Artwork: The Celebration of Life by Elsie Russell. (66 k)
During my meditations today, I allow my soul to travel back to Kabale, Uganda. Sensations are already crowding the portals of my mind, pushing and jostling each other to get through the opening...just like people boarding an African bus! Sitting in silence and breathing deeply, I close my eyes slowly, focusing on Kabale...
Early morning and I am standing on the porch of the house in Burimbira, a small village just outside of the town of Kabale. My family and I have lived here for five years. Mist lies like a blanket on the valley floor. The sun is rising, above the hills and across the valley, turning the soft moist air into golden clouds of light.
To the west, the air is no longer burdened by ominous, pounding booms . Rockets and destruction from Rwanda have been part of this life for too long. Now the struggle is different . People jostle for possession of the land: the means to rebuild their lives.
The inversion of the tribes in Rwanda has taken it's toll. The Hutu are now without land or homes, too many crowded into refugee camps in Zaire, while the surviving Tutsi divide the land, soaked with their own blood and filled with the bones of their families and friends. United Nation's troops and the soldiers of the Rwanda Patriotic Front...the Tutsi army, formerly known as the rebels...nervously patrol the land immediately west of us, waiting and prepared for the counter-attack which was promised by the Hutu. The Tutsi are now the government, and the former Hutu government are the rebels. This inversion has been seesawing back and forth for over thirty years. The soldiers know the violence will begin again. In the meantime, they wait.
Not long ago, the people here lived under a cloud of fear created by their own civil war. For now, the Rwandan guns are silent, no longer a constant reminder of how fragile peace can be. The silence allows the people of Kigezi in Uganda to focus on their own well-being. Those who live near the border feel safe enough to return, dreading to see what remains of their homes. Still, they try to plant and rebuild.
They have been staying with other families, who are now grateful there are fewer mouths to feed. Ugandan hospitals were witnesses to the carnage which overflowed onto Ugandan soil. Spill-over from the fighting cost many of the border families their homes. It is hard to be accurate with a weapon as big as a rocket launcher.
The present Ugandan leader, Yoweri Museveni, is sane and wise enough to stabilize the country politically, after almost 20 years of mayhem. He has been strong enough to keep control of the army. People can move again without fear and often express their gratitude with heartfelt sincerity. But today, my mind is upon the land, alight with the glow of the morning sun and alive with the sounds of the living. Eucalyptus trees poke holes through the mist, allowing the sounds of the valley to escape: cows lowing, sheep bleating, cockrels crowing and drums....the morning drums gently waking the people still asleep under the cover of their cone-shaped, thatch-roof huts.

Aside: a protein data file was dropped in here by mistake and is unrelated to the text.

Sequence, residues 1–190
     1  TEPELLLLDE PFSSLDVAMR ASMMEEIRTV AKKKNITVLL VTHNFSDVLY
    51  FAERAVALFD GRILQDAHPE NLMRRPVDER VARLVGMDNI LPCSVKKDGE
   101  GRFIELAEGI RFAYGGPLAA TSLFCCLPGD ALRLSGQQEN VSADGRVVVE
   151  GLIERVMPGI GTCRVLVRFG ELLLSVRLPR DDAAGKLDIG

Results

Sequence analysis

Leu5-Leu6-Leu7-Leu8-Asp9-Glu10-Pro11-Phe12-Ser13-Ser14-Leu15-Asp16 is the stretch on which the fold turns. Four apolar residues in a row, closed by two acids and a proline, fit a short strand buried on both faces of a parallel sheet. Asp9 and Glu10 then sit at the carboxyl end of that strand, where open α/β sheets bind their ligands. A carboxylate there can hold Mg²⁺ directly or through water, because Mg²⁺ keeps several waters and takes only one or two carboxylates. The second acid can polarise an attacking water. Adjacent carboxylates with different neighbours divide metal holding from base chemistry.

Those with wealth and fortune sleep under the security of iron sheets...some of them new, still shiny and wet with dew. These roofs defy the elements, hurtling reflected light through the clouds and back at the sun. They shine so brightly in their arrogance!
Other metal roofs are red-brown, rusted, old... their arrogance tempered with the process of aging and mortality. They absorb the light and become part of the misty softness. They lay along the valley floor in patches, their rusty forms almost indistinguishable from the red earth which they rise above. Ochre walls support the roofs, helping to complete a crazy patchwork of earthy tones which give texture to the mist. The windows and doors which punctuate these walls are still closed, their occupants slow to respond. The drumbeat continues to throb, calling to them, announcing the beginning of the day's business.
Grey-green trees hug the boundaries of each structure, their topmost branches outlined in sunlight , dancing like St. Elmo's fire. The trees define ownership and divide the land into fields and compounds. Church steeples draw attention to their central influence in the lives of the surrounding villages.
As the mist rises up the hill, engulfing our porch in a golden haze, the vision of the valley below disappears. Only the emerging sounds penetrate this soft but solid wall. Human voices start to join the choir of birdsong and livestock. An Ibis decides to try a solo and drowns out the sweet twittering of other birdsongs and the gentle murmur of voices with its raucous, penetrating call. A cock answers with his own crow, wringing out the last throaty decibel to hurl his defiance and territorial claim to the imagined intruder. Crested-crown cranes have been nesting in the fields above our house; they answer the Ibis with honking of their own.
The smell of woodfires wafts through the mist, acrid and pungent. Noises within my dwelling call me back from dreaming; my family-Don, Mishkin, and Alex-are stirring. I move inside the brick and cement walls which define our shelter... joining my fellow women throughout the village... each of us in our own kitchen, preparing the first tea of the day. I am lucky. I have a gas stove to cook on. I need not go through the ritual of lighting the "jiko", a small clay charcoal stove.
Through my glass door, I can see a figure approaching through the mist. It draws closer. Gladys, my neighbour and friend, is bringing the morning milk. Already she had been about her day's business: milking the cows in the fields below. Perhaps it was her cows doing the most lowing, grateful as her strong, skilled fingers stroked their teats, coaxing the milk to squirt into her plastic bucket, relieving the pressure which had built up in their udders during the night.
I open the door, and she enters my kitchen. She is wearing a kerchief tied around her head, a standard fixture for women in Kigezi. This morning the kerchief is a pattern of red and yellow, punctuated with green dots. Her faded, blue t-shirt is worn and old. It hugs the form of her unbound breasts, sagging with age, use and gravity. There is still strength in them, however, just like the rest of Gladys. Years of climbing up and down the hills, carrying 20 litre jerry cans of water, carrying firewood, carrying baskets of potatoes and beans, carrying buckets of milk, carrying her two daughters (now grown women) through their infancy strapped to her back by a bright ,white, cotton cloth, have left Gladys lithe, slender, and strong.